For several years we’ve heard the warnings: there’s a looming caregiving crisis. There are not enough caregivers for an aging America. Demographics are shifting — by 2030, twenty percent of the population will be over 65 — while care costs are shifting from health systems and employers to families. As a result, family caregivers are now providing the majority of the ‘care’ in healthcare. With family caregivers already overwhelmed, what does this future crisis hold? More work and more stress for fewer people with fewer finances? What happens to living? What happens to society?
We’d like to imagine a different future.
Fast forward to a different 2030, one in which family caregiving is easier and more efficient than ever before. One in which family caregiving is sustainable as a principal activity, recognized as a fundamental building block of society – an essential part of being human. Coordinated services are readily affordable and available, professional providers and family caregivers are seamlessly integrated, and workplaces offer flexibility and acceptance. There are products and technology-enabled tools that ease the daily burdens of family caregiving, and policies that reflect and support the dynamic reality of caregiving in society.
This is a hopeful and much more humane future. And we believe it can happen.
So how do we get there? First, we need a greater understanding of both the vast diversity and shared experience of caregiving situations and communities. We need innovative research that leads to meaningful and actionable data. We need innovative entrepreneurs and policy makers with the creativity and initiative to transform this data into relevant solutions. And we need innovative funding to make this future a reality.
The Atlas of Caregiving pilot study was a first step toward reaching this greater understanding of family caregiving. Our work highlighted opportunities for employers, entrepreneurs, and providers. For the funding community, two key findings emerged:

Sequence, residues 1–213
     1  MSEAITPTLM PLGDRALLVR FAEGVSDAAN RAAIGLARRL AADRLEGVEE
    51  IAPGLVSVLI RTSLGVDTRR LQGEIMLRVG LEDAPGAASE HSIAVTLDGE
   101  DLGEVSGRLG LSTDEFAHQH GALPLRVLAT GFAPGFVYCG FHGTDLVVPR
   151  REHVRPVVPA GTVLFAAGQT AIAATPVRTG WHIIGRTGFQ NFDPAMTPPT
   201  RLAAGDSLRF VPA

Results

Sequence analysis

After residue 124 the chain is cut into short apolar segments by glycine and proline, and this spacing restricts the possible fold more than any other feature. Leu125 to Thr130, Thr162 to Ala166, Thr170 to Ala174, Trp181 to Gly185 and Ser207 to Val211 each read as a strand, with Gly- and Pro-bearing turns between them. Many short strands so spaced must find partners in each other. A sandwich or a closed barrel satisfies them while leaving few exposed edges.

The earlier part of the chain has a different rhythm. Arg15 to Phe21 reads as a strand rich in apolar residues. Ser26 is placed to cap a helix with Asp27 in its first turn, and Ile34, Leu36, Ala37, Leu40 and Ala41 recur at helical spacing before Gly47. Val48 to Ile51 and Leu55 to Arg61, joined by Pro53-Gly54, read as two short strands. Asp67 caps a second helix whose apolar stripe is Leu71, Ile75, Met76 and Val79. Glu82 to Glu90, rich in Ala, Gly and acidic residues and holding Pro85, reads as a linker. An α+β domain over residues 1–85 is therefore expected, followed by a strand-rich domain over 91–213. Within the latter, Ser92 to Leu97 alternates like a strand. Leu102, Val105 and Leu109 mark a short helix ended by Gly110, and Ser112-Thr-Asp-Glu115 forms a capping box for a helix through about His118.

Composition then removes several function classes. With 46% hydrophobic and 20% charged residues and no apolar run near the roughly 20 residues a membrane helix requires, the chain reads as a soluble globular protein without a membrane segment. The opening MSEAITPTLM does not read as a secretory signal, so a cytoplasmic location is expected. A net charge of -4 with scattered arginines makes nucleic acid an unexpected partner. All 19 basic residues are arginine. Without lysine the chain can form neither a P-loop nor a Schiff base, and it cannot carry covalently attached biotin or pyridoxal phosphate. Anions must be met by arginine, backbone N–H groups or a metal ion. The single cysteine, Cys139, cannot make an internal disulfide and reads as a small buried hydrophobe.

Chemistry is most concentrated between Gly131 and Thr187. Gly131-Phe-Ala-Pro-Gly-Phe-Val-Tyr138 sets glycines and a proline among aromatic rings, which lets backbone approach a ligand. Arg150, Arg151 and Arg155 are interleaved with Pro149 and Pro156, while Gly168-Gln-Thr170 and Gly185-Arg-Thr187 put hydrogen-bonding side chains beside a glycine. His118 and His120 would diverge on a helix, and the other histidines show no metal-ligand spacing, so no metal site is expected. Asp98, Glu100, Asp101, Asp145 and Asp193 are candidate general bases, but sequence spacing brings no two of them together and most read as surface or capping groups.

Our pilot study was successful. Despite its limited scope, it yielded rich data and new information. In addition, it provided much needed perspective on the breadth of resources efforts such as the Atlas of Caregiving will require to scale. If those of us who are striving to improve the lives of family caregivers are to succeed in making family caregiving easier and more efficient, we are going to need the support of government, institutional investors, and philanthropists alike.
It’s worth taking a risk. In funding research and exploration, there are no guarantees. Traditional expectations of funding — measurable outputs, clear outcomes, tangible deliverables, immediate impact, financial ROI — will not be met through a single study. But in laying new groundwork, funders can open the possibility of significant new discoveries. The Atlas of Caregiving pilot was funded by the Robert Wood Johnson Foundation, based on the potential our new approach had to reveal important new data on the day-to-day realities of family caregiving, supporting its broader focus on healthcare, public health, and economic impact. It was a risk worth taking: not only did the project deliver powerful insights and validate a new research methodology, it led to unexpected information and improvements for family caregivers now.
While there is great need to grow advocacy, capacity, and resources for family caregivers and the existing support networks serving them, it is simply not enough. A play-it-safe approach is unlikely to lead to a different future. Indeed, true innovation is not just a slightly better version of what what have today.
It’s a bold vision, and there’s a lot of work to be done if we are to avert an imminent crisis in caregiving. Join us, and lead the way.
The Atlas of Caregiving Pilot Study combined emerging technology with traditional ethnographic interviewing to enable a comprehensive look at family caregivers’ lives. Our 14 Pilot participant families all live within two hours of San Francisco. Caregivers ranged in age from 30 to 73, and the care recipients from 3 to 101. They are managing a diverse set of conditions including Alzheimer’s, cancer, cerebral palsy, cystic fibrosis, diabetes and Parkinson’s.
Each participant took part in some or all of the following:
• One-on-one interviews
• Logging their caregiving and non-caregiving activities, including how stressed they felt
• Wearing a Narrative Clip, a small, wearable camera which took photos roughly every 30 seconds
• Wearing an Empatica E4, a wrist sensor which collected data on movement, heart rate, and electrodermal activity
• Having a Netatmo Weather Station placed in their home to collect data on noise and CO2 levels, temperature and humidity
• Having SmartThings Motion Sensors placed throughout the home, these collected data on movement
The Atlas of Caregiving Pilot Study was supported by a grant from the Robert Wood Johnson Foundation, in collaboration with the Family Caregiver Alliance.